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Get Healthy Camden Awarded $25,000 from General Electric’s Healthy Cities Leadership Academy Challenge

January 12, 2017 | Camden

BUILT TO LAST: GAINING AN EDGE FROM PARTNERSHIP AND CROSS-SECTOR COLLABORATION session with: Elizabeth Mitchell, CEO, Network for Regional Healthcare Improvement (Moderator); David Erickson, Director, Community Development, U.S. Federal Reserve Bank of San Francisco; and Kim Fortunato, Director, Community Affairs; President, Campbell Soup Foundation

Get Healthy Camden is one of the nine winners from around the country of the General Electric (GE) HealthyCities Leadership Academy Open Innovation Challenge. Get Healthy Camden receives an initial award of $25,000 to help develop population health improvements through partnerships with public and private entities.

Representatives from Get Healthy Camden’s partner organizations also are participating in GE’s HealthyCities Leadership Academy. The Academy is a year-long learning collaborative designed to mentor and support leaders in their communities as they develop and support new strategies to tackle population health challenges.

The Academy kicked off with a two-day, in-person workshop at GE’s Global Leadership Institute in Crotonville, New York on October 11-12. Valeria Galarza, Cooper’s Ferry Partnership Senior Project Manager, was one of the 10 Camden representatives who attended the workshop. “It was a tremendous experience to hear from experts who are engaged in population health and social change around the country. GE assembled an impressive list of speakers to motivate us and share successful ventures,” Galarza said.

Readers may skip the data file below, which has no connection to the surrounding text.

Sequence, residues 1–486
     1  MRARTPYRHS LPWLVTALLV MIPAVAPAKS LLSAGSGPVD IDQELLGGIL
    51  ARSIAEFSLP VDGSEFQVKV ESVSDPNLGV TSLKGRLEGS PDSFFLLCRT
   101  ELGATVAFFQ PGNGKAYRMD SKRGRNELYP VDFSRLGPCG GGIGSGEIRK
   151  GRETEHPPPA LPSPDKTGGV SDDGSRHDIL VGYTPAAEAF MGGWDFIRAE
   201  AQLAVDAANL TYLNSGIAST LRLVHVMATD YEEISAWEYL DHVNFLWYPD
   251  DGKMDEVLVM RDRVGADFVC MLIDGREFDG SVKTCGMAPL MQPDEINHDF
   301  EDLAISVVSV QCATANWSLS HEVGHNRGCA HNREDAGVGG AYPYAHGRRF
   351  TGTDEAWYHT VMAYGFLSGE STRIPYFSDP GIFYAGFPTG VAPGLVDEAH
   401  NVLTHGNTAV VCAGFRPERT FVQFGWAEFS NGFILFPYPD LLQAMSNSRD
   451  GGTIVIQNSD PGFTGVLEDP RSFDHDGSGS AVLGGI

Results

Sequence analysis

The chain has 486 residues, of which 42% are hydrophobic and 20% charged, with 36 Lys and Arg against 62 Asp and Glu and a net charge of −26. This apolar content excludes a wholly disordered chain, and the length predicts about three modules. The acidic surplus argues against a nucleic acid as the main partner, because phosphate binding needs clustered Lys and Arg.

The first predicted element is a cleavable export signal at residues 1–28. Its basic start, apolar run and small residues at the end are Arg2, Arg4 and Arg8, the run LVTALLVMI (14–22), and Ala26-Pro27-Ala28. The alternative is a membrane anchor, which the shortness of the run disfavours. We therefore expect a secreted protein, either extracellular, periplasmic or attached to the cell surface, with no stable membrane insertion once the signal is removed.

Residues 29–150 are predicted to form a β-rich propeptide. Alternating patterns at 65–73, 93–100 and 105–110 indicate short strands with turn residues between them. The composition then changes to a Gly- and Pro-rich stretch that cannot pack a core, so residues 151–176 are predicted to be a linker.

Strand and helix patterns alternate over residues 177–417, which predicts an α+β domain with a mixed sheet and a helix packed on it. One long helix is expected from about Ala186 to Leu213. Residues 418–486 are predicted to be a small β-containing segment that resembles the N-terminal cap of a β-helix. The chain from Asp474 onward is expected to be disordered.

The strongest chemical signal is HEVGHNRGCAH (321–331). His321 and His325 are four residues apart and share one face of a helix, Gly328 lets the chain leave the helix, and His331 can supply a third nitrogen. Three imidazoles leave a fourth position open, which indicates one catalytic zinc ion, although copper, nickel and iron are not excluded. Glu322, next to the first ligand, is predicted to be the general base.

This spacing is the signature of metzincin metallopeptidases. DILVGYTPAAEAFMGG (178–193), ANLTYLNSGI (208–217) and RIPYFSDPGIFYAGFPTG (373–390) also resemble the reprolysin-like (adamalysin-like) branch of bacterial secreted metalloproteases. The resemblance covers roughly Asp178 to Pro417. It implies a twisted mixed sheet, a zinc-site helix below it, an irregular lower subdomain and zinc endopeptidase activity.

Going forward, the Academy will continue to host in-person and virtual training sessions. Experts will provide peer support and mentorship around the winning community program implemented.

“Having a company like GE pay attention to Camden is an awesome opportunity. GE’s insights into innovation will benefit us immensely and bring outside thinking into our work to further our strategies and approaches,” said Galarza. “We are all following the prescribed Leadership Academy curriculum, so all nine communities will be able to work together as cohorts and learn from GE, other experts and each other. It’s a true learning lab.”

The winning communities were selected after a thorough evaluation of all eligible entries based on their ability to demonstrate a clear potential to improve the health of all socioeconomic strata of the targeted community. Cities were selected by a panel of distinguished judges who have expertise in the fields of population health, public health, and healthcare.

In addition to the Cooper’s Ferry Partnership, Get Healthy Camden partners include: New Jersey Partnership for Healthy Kids, Campbell Soup Company, Camden County Department of Health and Human Services, Center for Family Services, Rutgers Cooperative Extension of Camden County, Rutgers-Camden School of Nursing, United Way of Greater Philadelphia and Southern New Jersey and the YMCA of Burlington and Camden Counties.

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